QUESTION : Before I begin the question, it may be helpful for you to know that I am a young male catholic.
I have been struggling with the issue of masturbation in the past couple of months. I just came into the Catholic Church this Easter Vigil through the RCIA program that my parish began in September. I come from a Presbyterian tradition where masturbation isn’t really an issue (of course if you commit it then you get instant forgiveness through prayer).
After doing some research, I discovered that masturbation has some medicinal benefits. Masturbation strengthens the immune system, reduces the chance of getting prostate cancer, raises self-esteem, and gives your body a work which boosts your cardiovascular system.
Obviously the church teaches that masturbation is a sin, mortal in most cases because of the lust issue.
So I am confused. I have medical science on the one side and the church on the other with opposite opinions on the subject.
I guess I have several questions. First is, “What is your opinion on masturbation?” Second, “Why is the church so hostile against sex?” Third, “Is there a plan for the Magisterium to review the sex rules anytime soon?”
Thank you for your time. HWK
Even if the physical benefits to masturbation were substantial, which I doubt, they would not justify the negative results. Masturbation conflicts with the whole purpose of sexuality. The act of sexual intercourse is the physical expression of the marriage vows made at the altar. It is therefore an expression of Christian love, i.e. concern for the other. It is the most complete way of expressing the total self-donation of one person to another. Total means until death. It can’t be total for a week or a couple years.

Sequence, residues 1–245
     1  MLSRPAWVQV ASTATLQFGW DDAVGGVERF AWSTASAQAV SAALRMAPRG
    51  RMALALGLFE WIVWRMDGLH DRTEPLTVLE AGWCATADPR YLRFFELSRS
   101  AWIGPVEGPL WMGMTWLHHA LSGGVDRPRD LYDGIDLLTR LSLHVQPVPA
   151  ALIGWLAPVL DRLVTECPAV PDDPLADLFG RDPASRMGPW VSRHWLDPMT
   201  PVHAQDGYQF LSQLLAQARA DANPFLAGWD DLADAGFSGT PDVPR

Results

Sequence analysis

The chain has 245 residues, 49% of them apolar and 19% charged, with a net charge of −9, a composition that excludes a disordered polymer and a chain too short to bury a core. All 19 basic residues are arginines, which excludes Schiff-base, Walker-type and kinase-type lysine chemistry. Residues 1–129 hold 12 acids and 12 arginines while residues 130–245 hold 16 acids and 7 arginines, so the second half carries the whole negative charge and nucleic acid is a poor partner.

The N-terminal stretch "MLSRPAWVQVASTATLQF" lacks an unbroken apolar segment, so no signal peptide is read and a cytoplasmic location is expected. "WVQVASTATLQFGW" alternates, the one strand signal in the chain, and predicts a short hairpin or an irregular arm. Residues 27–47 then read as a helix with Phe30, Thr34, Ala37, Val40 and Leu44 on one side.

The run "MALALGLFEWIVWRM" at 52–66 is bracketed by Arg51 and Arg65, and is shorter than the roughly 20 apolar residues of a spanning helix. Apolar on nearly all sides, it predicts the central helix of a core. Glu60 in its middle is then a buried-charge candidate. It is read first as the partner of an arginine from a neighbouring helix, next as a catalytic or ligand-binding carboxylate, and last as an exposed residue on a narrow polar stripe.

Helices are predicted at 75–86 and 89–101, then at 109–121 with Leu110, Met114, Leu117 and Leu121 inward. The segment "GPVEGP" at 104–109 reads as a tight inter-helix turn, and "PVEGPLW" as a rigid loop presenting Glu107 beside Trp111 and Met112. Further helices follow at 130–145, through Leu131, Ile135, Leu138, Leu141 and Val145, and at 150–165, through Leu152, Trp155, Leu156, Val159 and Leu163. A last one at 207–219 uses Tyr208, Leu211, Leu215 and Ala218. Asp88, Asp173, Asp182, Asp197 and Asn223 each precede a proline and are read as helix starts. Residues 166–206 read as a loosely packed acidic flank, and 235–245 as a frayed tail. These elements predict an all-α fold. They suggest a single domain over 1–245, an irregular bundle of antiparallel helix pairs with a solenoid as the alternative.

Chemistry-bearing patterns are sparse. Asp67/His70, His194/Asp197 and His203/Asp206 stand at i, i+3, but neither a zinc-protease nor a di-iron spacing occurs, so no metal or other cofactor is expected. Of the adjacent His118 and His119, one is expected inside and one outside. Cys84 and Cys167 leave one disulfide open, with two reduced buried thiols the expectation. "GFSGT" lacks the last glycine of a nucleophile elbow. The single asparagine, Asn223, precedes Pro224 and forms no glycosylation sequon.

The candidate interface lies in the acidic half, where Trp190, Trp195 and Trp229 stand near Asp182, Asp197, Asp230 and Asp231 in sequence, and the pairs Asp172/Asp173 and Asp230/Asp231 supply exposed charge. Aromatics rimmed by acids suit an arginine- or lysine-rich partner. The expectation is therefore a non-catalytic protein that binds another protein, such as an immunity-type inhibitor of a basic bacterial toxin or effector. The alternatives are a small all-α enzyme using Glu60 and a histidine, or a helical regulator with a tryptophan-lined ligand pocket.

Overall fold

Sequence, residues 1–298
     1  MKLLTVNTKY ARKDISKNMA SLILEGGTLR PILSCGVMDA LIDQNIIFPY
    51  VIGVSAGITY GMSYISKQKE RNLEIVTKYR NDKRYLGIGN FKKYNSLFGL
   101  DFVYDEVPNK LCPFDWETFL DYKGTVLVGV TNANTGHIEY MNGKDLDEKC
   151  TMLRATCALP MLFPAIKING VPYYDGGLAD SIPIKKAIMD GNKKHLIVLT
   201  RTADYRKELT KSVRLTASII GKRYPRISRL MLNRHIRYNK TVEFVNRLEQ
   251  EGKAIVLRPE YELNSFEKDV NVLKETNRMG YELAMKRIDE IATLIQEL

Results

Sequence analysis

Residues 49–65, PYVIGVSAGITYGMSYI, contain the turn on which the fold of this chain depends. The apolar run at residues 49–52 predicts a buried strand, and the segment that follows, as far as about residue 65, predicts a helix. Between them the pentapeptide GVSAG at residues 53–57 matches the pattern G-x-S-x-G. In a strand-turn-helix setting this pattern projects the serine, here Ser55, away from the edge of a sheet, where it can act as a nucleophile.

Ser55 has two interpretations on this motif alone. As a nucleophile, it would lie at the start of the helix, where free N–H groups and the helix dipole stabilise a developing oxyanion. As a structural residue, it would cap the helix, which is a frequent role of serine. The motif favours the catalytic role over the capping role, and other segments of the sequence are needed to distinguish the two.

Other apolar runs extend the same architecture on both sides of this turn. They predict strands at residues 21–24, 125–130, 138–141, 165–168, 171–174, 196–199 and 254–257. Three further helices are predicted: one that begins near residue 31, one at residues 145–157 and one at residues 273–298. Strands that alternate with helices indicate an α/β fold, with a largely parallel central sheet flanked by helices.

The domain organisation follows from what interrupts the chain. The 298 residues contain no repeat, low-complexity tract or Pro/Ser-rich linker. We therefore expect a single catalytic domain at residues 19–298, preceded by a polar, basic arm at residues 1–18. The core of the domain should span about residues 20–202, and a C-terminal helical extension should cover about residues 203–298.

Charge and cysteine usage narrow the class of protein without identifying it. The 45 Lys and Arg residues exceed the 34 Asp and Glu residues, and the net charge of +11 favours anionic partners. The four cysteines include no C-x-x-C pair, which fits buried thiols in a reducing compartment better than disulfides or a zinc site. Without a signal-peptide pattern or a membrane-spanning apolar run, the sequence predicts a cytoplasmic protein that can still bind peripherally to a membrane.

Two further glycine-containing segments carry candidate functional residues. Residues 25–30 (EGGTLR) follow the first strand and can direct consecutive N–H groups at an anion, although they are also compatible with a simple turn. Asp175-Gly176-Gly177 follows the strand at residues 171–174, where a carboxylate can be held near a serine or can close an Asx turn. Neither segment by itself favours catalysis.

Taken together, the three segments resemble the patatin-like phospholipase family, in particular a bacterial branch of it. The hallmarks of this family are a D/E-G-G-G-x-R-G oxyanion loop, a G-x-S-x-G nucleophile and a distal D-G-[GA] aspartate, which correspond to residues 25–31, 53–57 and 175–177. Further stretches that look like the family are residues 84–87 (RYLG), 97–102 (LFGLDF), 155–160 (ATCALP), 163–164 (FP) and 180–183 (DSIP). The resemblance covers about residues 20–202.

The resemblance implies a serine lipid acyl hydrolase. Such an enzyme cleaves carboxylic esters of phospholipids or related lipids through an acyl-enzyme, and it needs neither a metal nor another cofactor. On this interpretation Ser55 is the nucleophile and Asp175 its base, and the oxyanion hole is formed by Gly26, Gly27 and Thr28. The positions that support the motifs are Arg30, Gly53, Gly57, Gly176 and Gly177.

With masturbation there is no self-donation to anybody. It consists of taking pleasure for oneself alone. There is no giving at all. We were created for more than that.
Nowhere will you find a higher understanding of sexuality than in the Catholic Church. I suggest that you get a hold of “Good News About Sex and Marriage” by Christopher West.
Fr. Vincent Serpa, O.P.